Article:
The SAGE Handbook of Research on Teacher Education offers an ambitious and international overview of the current landscape of teacher education research, as well as the imagined futures. The two volumes are divided into sub-sections: Section One: Mapping the Landscape of Teacher Education Section Two: Learning Teacher Identity in Teacher Education Section Three: Learning Teacher Agency in Teacher Education Section Four: Learning Moral & Ethical Responsibilities of Teaching in Teacher Education Section Five: Learning to Negotiate Social, Political, and Cultural Responsibilities of Teaching in Teacher Education Section Six: Learning through Pedagogies in Teacher Education Section Seven: Learning the Contents of Teaching in Teacher Education Section Eight: Learning Professional Competencies in Teacher Education and throughout the Career Section Nine: Learning with and from Assessments in Teacher Education Section Ten: The Education and Learning of Teacher Educators Section Eleven: The Evolving Social and Political Contexts of Teacher Education Section Twelve: A Reflective Turn This handbook is a landmark collection for all those interested in current research in teacher education and the possibilities for how research can influence future teacher education practices and policies. Watch handbook editors D. Jean Clandinin and Jukka Husu and handbook working editorial board members Jerry Rosiek, Mistilina Sato and Auli Toom discuss key aspects of the new handbook: https://www.youtube.com/watch?v=Yee8cZVakfc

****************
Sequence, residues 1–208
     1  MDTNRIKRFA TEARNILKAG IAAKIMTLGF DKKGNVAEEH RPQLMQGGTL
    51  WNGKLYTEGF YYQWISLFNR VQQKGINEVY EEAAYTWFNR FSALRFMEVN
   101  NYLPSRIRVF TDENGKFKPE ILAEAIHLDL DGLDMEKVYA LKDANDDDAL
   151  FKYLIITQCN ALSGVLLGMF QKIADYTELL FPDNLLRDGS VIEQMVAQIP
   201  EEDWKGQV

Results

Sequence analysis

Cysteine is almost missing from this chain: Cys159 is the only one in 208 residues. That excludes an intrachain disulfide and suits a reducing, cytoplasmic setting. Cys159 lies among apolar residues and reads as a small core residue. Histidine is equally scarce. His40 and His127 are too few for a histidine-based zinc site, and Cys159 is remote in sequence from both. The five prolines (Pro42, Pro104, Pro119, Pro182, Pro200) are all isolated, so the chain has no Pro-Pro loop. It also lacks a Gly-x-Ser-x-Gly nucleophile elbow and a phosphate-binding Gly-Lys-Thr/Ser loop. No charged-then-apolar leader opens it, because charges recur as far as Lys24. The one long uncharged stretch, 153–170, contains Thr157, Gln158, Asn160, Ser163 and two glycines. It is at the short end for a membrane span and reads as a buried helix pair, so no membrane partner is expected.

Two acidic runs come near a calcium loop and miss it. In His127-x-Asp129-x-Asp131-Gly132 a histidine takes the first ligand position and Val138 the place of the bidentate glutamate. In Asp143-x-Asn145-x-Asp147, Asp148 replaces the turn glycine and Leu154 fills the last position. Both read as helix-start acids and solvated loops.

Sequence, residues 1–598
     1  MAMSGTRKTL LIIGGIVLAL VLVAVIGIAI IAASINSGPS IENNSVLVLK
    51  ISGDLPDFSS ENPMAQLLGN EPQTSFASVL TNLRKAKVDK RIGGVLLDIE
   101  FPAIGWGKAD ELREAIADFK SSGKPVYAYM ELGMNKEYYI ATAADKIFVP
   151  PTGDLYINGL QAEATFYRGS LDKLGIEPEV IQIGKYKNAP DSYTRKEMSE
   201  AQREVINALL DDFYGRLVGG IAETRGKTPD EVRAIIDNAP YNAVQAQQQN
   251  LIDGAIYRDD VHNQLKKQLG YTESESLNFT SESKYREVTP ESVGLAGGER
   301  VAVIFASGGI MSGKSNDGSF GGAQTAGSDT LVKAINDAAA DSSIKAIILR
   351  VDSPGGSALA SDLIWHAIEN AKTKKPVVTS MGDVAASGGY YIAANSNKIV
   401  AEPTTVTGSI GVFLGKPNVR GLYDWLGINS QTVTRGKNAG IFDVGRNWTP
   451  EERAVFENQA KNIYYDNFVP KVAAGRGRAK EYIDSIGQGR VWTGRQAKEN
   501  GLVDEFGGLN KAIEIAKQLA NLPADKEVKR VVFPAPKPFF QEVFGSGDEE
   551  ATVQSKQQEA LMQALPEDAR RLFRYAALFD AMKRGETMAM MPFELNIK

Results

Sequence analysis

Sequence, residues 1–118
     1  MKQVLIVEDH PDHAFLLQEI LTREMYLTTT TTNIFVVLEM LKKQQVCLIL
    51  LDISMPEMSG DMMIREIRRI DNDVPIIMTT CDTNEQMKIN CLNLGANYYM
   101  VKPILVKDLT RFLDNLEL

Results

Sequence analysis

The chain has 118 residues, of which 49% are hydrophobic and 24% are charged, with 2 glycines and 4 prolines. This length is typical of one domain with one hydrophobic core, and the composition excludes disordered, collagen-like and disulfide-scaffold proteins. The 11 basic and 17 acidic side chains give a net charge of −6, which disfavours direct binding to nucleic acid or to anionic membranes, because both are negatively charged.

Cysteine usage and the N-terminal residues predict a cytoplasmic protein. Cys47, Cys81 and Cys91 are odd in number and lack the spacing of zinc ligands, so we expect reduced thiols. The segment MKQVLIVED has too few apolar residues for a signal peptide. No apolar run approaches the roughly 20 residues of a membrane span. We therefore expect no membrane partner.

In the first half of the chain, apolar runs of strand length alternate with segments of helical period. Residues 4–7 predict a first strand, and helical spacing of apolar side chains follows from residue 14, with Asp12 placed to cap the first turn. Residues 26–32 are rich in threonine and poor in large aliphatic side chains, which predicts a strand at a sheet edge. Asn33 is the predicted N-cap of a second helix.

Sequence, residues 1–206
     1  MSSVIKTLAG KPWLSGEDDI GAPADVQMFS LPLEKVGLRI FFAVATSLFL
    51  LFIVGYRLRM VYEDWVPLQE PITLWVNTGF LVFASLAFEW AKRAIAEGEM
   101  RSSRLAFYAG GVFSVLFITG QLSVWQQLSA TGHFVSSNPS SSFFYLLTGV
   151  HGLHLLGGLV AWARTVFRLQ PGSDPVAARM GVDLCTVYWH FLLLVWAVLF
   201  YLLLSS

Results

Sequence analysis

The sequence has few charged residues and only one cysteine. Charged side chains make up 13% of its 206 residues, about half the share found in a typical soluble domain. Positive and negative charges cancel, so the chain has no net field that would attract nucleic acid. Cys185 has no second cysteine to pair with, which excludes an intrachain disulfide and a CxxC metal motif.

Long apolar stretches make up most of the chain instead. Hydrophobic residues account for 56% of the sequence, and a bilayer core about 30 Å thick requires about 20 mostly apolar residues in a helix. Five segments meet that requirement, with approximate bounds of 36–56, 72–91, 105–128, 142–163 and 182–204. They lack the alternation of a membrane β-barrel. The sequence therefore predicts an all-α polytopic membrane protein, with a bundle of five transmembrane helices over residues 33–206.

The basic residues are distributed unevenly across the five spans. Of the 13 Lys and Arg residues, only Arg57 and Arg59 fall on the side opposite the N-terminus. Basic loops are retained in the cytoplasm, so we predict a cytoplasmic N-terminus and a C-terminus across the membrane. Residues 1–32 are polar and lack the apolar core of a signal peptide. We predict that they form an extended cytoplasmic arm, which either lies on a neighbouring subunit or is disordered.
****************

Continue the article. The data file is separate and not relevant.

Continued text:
Chapter 35: Culturally Relevant Teacher Education Pedagogical Approaches
Culturally Relevant Teacher Education Pedagogical Approaches
Preparing teachers for diverse contexts remains an urgent global challenge as student populations diversify in schools while teacher populations remain largely homogeneous (Sleeter, 2001; Zumwalt & Craig, 2005). Policy agendas seeking to increase representation of minority cultures amongst teachers have not decreased the racial, ethnic and cultural distance between students and teachers. Gains have been eclipsed by rapid growth in minority student populations: the diversity gap, along with the achievement gap, has actually increased over the years (Gist, 2016; Ingersoll & May, 2011; Villegas, Strom & Lucas, 2012). A range of approaches to preparing teachers for increasing cultural diversity in schools has been proposed internationally by educational researchers ...